Part 1: It’s hard to shoot anything if you’re aiming at everything
When I ran my first business I used to find it frustrating to see all those potential clients out there but not be able to just reach out and grab them. It’s so tempting to think there’s some ingenious way to scoop them all up, show them how brilliant you are and set up the meeting that will inevitably turn into a long and fruitful partnership.
So off we went, hunting far and wide. I fell into the classic trap of doing lots of activity aimed at everyone. Cold-call teams were hired. E-shots were pinged out to hundreds of corporate event managers. £1000s went on glossy magazine advertising. All to appeal to as wide an audience as possible; not one potential market missed out, we dredged the lot.
Being specific felt totally counter-intuitive. I was too worried about missing any golden opportunities that might just be out there, maybe, perhaps, who knows where, somewhere we hadn’t thought of. But of course, by trying to talk to everyone, we ended up saying very little to anyone.
Our bland vanilla messaging meant that the clients we should have been focusing on had no strong sense of why or whether they needed us. It was only when I began focusing on companies for whom I knew we had a great product and natural affinity that new business really started flying in.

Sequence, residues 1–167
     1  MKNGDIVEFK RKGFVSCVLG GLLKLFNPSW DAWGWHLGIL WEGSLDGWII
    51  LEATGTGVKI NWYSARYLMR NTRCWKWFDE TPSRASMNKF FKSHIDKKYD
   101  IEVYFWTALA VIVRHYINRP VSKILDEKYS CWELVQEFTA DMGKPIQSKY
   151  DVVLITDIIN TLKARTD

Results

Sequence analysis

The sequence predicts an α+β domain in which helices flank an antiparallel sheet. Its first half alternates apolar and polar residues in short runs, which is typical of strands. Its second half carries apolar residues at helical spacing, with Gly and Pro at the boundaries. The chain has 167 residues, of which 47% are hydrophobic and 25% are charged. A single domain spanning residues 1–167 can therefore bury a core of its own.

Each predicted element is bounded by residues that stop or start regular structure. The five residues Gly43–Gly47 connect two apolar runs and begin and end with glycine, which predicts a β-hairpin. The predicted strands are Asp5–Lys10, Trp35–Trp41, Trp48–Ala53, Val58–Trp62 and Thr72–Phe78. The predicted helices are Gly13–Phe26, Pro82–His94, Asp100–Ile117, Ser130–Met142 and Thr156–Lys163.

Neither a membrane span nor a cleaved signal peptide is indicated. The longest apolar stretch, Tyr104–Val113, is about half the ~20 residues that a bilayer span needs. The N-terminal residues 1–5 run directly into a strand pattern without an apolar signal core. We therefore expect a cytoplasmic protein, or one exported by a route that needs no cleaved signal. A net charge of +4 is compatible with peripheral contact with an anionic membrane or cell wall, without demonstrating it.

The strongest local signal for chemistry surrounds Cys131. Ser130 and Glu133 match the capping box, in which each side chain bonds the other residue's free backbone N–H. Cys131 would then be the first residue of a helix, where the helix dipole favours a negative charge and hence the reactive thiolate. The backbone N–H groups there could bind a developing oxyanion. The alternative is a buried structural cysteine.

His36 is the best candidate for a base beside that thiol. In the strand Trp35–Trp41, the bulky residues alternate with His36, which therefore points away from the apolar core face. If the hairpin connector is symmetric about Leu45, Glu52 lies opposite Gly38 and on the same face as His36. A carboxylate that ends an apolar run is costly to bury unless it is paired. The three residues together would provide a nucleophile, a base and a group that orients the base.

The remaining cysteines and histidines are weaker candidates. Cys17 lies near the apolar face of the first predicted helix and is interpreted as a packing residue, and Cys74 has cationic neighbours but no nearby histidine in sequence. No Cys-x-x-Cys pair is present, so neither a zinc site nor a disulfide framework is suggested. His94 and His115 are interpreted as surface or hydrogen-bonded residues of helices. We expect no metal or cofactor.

At the risk of sounding like Confucius, we won big by aiming small. That’s why I believe fervently that to grow a business, you first have to identify your ideal client and tailor your marketing pitch accordingly.
Start by being specific. Really specific. In the events world, “anyone interested in hiring an event management company” won’t cut it. It’s a huge market. Even those who say they target blue chips or the charity sector or other event companies are being too general. You need to get down to detail.
Let’s take the example of a massage therapist. They could choose to focus on women aged 35-55 in the Surrey area with an income greater than £45,000. Then they could go a step further, selecting only women already interested in alternative therapies. Of these, they could define two more niches: those with/without children.
At this level of knowledge and detail, you’re in a far better position to decide how and where to promote your company.
It’s worth pointing out that defining your target market in this way does not mean excluding potential clients from outside it. But what it does mean is that you can concentrate your sales & marketing efforts and brand messages on the people most likely to buy from you.
Bear in mind too that you’re unlikely to have just one target market, unless your offering is very niche. Nevertheless, when you know exactly what your discrete target markets are, you can use different techniques to reach each one.
Best of all, you’ll feel better about all of this. You’re more in control of your business and it’s far more satisfying to approach people you know will appreciate what you can do for them. And of course, if you ended up working with them, you’ll enjoy it far more in the long term too.
So that’s Part 1: how to consider defining your target audience. Keep an eye out over the next few days for Part 2 – my step-by-step guide to how to go about it and what to do with the results.